There is nothing "special" about the temperature at which we live. It is possible to observe, with relatively little effort I would add, effects of quantum mechanics (of course, nothing that one could do in a garage, but the same is true of most science)

The excess kinetic energy per particle in pressurized quantum solids can be observed at room (or even higher) temperature in any laboratory equipped to perform neutron diffraction experiments, and with a diamond anvil cell. It does not have anything to do with crystal structure (even a glass would show such excess kinetic energy) and most certainly nothing to do whatsoever with any "coherence". It's a single-particle effect, and its origin can be understood, at least qualitatively, using standard quantum statistical mechanics, for example using a simple harmonic model for a quantum crystal.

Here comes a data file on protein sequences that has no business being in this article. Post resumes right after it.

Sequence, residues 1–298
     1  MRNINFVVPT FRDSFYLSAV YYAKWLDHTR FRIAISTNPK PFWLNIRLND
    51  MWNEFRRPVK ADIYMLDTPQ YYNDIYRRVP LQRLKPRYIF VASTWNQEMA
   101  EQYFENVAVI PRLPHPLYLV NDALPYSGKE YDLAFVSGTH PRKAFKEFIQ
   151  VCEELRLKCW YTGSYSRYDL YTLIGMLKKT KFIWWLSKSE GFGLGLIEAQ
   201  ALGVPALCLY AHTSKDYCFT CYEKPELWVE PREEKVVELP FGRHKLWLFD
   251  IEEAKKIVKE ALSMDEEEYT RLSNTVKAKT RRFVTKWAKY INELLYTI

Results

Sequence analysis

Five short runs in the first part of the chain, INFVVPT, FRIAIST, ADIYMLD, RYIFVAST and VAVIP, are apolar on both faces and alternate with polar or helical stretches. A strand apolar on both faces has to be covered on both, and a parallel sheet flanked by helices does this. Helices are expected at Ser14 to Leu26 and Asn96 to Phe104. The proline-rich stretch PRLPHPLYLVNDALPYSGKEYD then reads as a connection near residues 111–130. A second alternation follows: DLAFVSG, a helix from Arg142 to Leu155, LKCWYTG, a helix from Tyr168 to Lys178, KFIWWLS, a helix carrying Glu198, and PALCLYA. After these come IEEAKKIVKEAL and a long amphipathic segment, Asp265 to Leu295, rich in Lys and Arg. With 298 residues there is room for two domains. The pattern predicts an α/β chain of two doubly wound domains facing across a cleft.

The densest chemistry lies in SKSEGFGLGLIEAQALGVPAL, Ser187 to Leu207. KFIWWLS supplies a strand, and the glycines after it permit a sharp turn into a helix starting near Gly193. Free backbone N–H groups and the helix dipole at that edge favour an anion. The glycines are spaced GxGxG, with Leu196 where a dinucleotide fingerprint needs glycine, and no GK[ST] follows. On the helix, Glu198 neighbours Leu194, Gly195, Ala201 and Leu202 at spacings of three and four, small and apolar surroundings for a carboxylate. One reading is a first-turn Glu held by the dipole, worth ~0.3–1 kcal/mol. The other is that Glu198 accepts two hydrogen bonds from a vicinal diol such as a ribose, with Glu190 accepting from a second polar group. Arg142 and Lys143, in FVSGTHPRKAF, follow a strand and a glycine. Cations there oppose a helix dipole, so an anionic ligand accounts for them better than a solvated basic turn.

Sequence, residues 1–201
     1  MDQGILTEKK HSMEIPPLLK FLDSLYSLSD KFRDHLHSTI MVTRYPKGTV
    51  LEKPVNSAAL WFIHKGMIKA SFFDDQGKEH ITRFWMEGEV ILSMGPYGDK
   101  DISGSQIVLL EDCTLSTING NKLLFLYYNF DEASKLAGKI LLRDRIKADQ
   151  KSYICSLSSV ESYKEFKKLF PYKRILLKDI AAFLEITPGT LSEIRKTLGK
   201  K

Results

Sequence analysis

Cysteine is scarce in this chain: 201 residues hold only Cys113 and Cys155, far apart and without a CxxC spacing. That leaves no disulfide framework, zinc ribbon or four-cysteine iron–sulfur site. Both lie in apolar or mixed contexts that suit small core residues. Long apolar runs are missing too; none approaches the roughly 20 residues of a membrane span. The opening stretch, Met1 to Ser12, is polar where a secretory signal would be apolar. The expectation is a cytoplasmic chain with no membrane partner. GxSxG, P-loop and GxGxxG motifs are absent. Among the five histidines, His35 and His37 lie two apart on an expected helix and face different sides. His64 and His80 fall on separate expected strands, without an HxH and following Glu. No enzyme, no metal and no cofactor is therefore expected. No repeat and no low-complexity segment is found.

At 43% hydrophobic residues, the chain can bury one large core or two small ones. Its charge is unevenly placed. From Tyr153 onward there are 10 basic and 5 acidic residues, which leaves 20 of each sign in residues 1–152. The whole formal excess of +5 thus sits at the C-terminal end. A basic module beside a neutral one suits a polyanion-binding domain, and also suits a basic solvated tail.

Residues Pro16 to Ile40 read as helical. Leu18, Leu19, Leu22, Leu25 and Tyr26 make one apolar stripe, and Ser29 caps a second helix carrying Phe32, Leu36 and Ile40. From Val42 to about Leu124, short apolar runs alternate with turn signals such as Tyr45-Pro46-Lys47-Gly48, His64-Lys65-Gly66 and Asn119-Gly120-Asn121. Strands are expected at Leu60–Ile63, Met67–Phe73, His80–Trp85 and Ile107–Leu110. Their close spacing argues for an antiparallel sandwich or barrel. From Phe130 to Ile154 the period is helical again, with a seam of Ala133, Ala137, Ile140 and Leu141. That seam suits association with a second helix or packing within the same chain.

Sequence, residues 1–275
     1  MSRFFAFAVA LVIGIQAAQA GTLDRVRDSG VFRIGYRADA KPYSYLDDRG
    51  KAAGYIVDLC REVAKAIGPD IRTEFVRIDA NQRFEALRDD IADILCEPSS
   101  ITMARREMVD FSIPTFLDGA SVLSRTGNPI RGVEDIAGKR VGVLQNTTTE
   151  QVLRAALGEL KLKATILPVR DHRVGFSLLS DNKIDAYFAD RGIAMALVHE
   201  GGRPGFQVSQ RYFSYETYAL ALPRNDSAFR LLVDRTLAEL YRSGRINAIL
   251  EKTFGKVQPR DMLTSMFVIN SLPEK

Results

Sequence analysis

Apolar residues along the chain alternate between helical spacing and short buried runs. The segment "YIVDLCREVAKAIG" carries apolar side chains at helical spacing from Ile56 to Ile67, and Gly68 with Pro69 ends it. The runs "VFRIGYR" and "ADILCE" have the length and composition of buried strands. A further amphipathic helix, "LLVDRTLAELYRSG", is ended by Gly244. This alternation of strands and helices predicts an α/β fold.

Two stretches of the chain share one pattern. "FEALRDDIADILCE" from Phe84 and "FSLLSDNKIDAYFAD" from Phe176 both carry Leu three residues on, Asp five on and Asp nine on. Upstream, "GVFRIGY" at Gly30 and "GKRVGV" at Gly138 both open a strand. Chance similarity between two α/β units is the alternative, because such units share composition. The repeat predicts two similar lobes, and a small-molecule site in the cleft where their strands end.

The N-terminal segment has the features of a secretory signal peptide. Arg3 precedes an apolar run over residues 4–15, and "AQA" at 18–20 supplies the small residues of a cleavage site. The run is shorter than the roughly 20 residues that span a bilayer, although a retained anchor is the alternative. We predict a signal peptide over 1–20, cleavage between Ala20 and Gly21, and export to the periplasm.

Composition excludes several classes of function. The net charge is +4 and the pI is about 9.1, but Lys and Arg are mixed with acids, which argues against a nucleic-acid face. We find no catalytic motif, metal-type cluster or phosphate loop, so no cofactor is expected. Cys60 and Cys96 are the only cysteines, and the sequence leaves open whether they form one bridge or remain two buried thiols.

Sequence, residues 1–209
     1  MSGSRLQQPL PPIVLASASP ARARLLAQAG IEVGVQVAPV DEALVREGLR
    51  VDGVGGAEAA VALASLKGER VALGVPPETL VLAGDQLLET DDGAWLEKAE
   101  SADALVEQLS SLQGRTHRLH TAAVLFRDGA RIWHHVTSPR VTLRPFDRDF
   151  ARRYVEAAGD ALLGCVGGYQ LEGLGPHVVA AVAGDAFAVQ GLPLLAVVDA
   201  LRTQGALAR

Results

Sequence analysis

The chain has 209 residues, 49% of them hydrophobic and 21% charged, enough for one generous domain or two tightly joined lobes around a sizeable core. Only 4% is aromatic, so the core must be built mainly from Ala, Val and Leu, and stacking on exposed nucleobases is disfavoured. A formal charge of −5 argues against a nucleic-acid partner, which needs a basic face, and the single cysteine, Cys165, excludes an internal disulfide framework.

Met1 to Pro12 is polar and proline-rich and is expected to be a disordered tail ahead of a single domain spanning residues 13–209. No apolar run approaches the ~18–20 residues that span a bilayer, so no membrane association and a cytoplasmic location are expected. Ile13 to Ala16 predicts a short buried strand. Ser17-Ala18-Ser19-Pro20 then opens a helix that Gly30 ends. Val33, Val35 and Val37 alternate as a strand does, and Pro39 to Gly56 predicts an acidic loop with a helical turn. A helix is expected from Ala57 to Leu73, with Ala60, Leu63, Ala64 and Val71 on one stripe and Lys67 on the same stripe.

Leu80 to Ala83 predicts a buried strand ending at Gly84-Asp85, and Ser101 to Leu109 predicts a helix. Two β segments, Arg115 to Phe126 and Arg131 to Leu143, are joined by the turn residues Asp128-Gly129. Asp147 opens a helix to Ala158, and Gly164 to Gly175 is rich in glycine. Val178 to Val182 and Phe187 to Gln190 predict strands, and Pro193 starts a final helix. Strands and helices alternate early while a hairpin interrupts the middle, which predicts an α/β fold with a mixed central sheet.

The electron liquid in metals at room temperature is well into the degenerate regime, as Fermi temperatures are typically of the order of several thousand degrees. Effects of quantum statistics, such as the existence of a Fermi surface, can be observed with the proper equipment, at room temperature. Indeed, a classical model of the conduction electrons will yield incorrect predictions.

For high temperature superconductivity, the current highest critical temperature is about 135 K to my knowledge, a far cry from room temperature but much higher than the 10 K or so that people believed to be the highest possible critical temperature, prior to 1986.